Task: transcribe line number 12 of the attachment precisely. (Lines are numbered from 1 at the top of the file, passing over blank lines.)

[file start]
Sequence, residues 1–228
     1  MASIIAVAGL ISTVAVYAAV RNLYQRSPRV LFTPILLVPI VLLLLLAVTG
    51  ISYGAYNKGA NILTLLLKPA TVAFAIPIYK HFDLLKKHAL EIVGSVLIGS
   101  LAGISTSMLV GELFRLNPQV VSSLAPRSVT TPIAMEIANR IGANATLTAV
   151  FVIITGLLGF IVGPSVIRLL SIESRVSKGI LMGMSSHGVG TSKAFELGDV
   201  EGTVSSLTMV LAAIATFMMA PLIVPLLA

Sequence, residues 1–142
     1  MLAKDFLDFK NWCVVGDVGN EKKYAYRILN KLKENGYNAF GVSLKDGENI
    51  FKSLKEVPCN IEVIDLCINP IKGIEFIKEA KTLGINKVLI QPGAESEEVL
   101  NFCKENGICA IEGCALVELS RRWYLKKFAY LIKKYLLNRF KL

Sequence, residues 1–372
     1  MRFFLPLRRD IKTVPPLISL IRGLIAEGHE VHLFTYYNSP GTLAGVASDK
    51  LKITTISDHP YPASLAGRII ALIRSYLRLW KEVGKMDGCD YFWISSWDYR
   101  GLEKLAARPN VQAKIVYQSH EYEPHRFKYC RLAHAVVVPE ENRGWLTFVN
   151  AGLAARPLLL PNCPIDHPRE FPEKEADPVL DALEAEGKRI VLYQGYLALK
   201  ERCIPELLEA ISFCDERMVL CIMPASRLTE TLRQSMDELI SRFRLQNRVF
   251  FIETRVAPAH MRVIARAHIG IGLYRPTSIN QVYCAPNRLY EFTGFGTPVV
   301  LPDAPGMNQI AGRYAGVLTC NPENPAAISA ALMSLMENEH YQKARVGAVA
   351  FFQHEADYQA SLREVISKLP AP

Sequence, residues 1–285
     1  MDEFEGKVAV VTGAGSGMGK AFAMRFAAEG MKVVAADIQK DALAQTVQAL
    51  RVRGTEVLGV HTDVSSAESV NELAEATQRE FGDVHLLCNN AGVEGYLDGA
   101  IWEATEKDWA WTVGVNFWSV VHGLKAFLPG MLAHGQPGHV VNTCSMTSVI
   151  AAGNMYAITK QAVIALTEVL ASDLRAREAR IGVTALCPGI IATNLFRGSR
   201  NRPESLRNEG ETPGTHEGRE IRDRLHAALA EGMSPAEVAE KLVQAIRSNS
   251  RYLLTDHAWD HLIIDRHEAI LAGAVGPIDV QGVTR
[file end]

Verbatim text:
     1  MRFFLPLRRD IKTVPPLISL IRGLIAEGHE VHLFTYYNSP GTLAGVASDK